DENVER (CBS4)– In a unanimous vote Thursday night, the Denver Public Schools Board of Education agreed to remove school resource officers from schools. The vote ends the district’s contract with the Denver Police Department.
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According to the resolution, DPS will reduce the number of school resource officers by 25% before the end of this year and will remove all school resource officers from schools by no later than June 4, 2021.
DPS Superintendent Susana Cordova tells CBS4 the vote is final, unless the board proposes and votes on something different down the line.
Cordova issued the following statement to CBS4:
“George Floyd’s death, and every tragic death of Black people at the hands of law enforcement, have brought to light how we as a district can respond and do more for our students of color. Ever since the issue of removing school resource officers was first raised, I emphasized how critical it is to hear from many different voices in the community. We heard from several stakeholders tonight, with pros and cons on both sides. It’s important to think about the full context here: strong safety resources on our campuses; trusting relationships with the adults in our schools; and the urgent and absolute need to end the school-to-prison pipeline. I believe the board has voted on this resolution with the best interest of students at heart.
There is absolutely nothing more important than all of our students feeling safe, cared for, and protected in our schools. An education does not happen without that. Our students need to trust the adults who are on our campuses with them. I appreciate the board’s forcefulness and tenacity in bringing this issue forward.”
The meeting included more than four hours of public comment from school leaders and concerned parents. Jenn Jackson, Principal at The Academy of Urban Learning says she supports the move.
“When we employ police in our schools over mental health counselors, over nurses, and over arts education we are saying as a district that’s where our values lie,” said Jackson.
Others said that while the intention of SROs is good, police practices have not benefited students.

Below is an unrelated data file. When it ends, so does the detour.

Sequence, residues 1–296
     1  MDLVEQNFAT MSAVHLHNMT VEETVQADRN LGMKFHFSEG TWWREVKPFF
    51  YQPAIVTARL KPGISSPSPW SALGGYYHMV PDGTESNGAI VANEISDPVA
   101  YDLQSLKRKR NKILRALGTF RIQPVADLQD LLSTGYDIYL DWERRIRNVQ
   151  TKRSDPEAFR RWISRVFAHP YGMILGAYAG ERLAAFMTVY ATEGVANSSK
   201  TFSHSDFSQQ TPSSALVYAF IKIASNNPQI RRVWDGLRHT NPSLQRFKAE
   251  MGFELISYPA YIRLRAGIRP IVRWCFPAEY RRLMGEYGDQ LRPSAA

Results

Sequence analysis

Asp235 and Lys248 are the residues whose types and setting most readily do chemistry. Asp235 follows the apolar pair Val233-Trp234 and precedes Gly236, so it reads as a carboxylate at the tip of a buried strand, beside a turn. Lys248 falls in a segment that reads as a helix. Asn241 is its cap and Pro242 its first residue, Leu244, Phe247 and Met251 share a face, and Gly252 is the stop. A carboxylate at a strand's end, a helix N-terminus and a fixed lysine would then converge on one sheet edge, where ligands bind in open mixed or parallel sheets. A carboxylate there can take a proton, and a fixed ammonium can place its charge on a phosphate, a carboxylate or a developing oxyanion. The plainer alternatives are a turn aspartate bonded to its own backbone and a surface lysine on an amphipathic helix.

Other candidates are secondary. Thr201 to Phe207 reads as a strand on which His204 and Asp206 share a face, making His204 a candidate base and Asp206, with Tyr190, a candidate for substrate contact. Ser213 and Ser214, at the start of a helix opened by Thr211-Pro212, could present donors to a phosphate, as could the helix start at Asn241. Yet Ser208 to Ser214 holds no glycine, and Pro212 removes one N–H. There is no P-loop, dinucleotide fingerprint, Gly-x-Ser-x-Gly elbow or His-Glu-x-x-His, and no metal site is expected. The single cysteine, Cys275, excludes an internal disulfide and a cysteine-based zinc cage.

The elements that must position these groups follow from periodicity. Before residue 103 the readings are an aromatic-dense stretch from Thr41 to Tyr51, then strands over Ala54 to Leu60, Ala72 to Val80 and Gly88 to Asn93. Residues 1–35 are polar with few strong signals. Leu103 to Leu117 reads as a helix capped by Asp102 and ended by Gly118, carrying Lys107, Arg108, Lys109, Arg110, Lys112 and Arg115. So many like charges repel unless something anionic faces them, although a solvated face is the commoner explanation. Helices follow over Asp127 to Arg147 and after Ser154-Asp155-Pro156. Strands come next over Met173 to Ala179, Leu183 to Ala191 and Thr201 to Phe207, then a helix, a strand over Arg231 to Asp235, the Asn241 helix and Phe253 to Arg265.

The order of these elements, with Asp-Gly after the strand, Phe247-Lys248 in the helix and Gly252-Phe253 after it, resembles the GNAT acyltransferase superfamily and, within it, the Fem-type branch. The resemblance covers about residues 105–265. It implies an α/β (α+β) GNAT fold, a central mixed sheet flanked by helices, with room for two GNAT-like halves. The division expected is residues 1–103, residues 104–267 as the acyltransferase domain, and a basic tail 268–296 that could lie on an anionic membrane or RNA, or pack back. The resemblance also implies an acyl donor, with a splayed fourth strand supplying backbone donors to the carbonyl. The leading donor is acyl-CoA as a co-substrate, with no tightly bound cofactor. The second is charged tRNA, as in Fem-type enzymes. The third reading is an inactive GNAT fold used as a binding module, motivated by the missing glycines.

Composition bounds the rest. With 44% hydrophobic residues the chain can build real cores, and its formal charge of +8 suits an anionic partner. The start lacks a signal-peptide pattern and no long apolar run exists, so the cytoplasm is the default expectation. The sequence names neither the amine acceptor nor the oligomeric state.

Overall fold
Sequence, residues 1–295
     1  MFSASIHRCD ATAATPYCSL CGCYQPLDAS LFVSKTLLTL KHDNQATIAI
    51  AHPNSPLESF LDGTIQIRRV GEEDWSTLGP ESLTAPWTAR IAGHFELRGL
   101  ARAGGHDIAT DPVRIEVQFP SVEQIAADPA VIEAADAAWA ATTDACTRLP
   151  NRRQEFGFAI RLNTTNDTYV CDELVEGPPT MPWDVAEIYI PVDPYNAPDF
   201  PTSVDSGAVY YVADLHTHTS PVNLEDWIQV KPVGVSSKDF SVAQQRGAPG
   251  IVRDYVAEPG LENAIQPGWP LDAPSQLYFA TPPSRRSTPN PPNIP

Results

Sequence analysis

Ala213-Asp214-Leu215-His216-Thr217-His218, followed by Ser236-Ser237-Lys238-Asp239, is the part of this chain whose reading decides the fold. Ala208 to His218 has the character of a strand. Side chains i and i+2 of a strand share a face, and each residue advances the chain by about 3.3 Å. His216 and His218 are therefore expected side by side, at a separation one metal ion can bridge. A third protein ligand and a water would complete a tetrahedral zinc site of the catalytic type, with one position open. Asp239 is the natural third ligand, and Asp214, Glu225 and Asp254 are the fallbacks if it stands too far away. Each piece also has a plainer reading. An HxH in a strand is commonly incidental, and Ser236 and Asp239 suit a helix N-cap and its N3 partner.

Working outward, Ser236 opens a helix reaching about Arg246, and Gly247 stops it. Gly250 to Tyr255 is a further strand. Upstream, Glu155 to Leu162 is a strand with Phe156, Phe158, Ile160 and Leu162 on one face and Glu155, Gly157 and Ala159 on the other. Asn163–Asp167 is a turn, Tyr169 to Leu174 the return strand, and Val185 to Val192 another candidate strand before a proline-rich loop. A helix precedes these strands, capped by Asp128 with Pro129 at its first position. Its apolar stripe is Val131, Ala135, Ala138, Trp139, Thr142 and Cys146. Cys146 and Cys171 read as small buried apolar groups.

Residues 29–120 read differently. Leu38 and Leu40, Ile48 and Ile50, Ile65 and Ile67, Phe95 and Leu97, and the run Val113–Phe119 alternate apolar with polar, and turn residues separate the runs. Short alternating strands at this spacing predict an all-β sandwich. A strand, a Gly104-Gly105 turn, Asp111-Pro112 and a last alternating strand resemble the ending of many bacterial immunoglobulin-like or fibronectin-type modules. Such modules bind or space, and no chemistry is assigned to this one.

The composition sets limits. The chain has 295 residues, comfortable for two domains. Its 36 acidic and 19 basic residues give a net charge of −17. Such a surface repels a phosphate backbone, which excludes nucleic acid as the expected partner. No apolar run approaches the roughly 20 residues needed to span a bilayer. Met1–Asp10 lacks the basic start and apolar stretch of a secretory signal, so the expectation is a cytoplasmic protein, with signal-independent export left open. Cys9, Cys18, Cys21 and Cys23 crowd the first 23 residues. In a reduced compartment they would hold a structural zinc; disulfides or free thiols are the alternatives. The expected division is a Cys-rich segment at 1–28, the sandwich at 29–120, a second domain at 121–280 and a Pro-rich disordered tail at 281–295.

“This has led to a general distrust from the community. Parents who have been patronized and antagonized by police now watch their children going through the same thing,” said one speaker.READ MORE: Colorado Weather: Tuesday Storm May Fizzle Out For The Denver Metro
School board member Tay Anderson and Vice President Jennifer Bacon are among those calling for the removal of school resource officers in their schools. Anderson says the district needs to take bold steps in response to police action against those protesting the death of George Floyd in Denver. His hope is they would be replaced by restorative justice coordinators, mental health specialists and additional nurses.
But opponents pointed out how valuable their school resources have been. Kevin Wilson, Dean of Students at Collegiate Prep Academy, talked about a long time SRO on the Montbello campus, Officer Bernard Henry.
“He has sponsored the Latino Club; he’s provided baskets for families. He’s arranged field trips for students and he’s just provided all types of guidance,” he told the school board.
Scott Wolf is the principal at North High School and feels many people don’t understand what a school resource officer does on a daily basis.
“Of the school leader colleagues who have SROs on campus not a single one I’ve spoken to is in favor of the resolution,” said Wolf.
Perhaps the most pointed criticism came from Jason Murdock, dean of students at Dr. Martin Luther King, Jr. Early College. He took aim at board member Tay Anderson. He said the only reason he wants DPS to end its partnership with the Denver Polcie Department is to get back at them for their handling of the recent George Floyd protests in Denver.MORE NEWS: Firefighters Responding To The West Ranch Fire In Jefferson County
“So we go after SROs for revenge on DPD? You are a coward, and so are any members that agree with you. Cowards for not fighting the most important fight, racism. Cowards for attacking and assaulting clearly successful SROs simply because of our anger and pain towards law enforcement,” said Murdock.